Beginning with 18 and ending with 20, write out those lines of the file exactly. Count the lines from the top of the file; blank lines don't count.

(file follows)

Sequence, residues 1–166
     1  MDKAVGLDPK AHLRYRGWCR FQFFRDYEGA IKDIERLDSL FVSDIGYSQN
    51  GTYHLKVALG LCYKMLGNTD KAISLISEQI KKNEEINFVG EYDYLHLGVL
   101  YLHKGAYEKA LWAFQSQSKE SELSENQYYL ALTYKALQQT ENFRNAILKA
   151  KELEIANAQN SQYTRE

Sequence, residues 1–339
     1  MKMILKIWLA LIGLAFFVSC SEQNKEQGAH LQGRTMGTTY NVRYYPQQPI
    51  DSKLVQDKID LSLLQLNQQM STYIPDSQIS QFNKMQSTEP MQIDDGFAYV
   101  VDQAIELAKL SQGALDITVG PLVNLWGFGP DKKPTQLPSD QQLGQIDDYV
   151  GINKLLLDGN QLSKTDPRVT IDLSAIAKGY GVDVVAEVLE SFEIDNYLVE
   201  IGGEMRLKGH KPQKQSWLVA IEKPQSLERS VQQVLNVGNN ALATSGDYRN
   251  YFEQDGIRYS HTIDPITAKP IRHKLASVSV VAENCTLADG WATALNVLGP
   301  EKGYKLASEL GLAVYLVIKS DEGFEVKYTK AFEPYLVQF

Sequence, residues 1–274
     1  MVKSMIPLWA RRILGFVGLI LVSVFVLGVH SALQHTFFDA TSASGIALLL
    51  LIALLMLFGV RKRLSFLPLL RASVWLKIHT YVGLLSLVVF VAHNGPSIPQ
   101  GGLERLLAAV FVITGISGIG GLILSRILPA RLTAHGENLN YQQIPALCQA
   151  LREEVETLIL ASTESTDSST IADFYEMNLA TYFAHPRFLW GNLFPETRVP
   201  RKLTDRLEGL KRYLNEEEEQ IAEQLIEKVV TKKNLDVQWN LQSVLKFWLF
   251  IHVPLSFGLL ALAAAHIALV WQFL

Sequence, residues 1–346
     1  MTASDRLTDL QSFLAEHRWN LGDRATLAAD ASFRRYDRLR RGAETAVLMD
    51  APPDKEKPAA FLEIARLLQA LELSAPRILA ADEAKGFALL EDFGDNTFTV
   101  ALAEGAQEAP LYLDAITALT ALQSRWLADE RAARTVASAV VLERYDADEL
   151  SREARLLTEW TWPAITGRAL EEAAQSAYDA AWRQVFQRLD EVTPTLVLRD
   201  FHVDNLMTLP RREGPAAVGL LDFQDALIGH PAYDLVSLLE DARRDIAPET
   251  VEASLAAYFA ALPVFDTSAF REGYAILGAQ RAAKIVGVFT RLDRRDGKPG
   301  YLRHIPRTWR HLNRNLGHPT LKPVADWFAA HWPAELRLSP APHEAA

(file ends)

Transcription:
   151  LREEVETLIL ASTESTDSST IADFYEMNLA TYFAHPRFLW GNLFPETRVP
   201  RKLTDRLEGL KRYLNEEEEQ IAEQLIEKVV TKKNLDVQWN LQSVLKFWLF
   251  IHVPLSFGLL ALAAAHIALV WQFL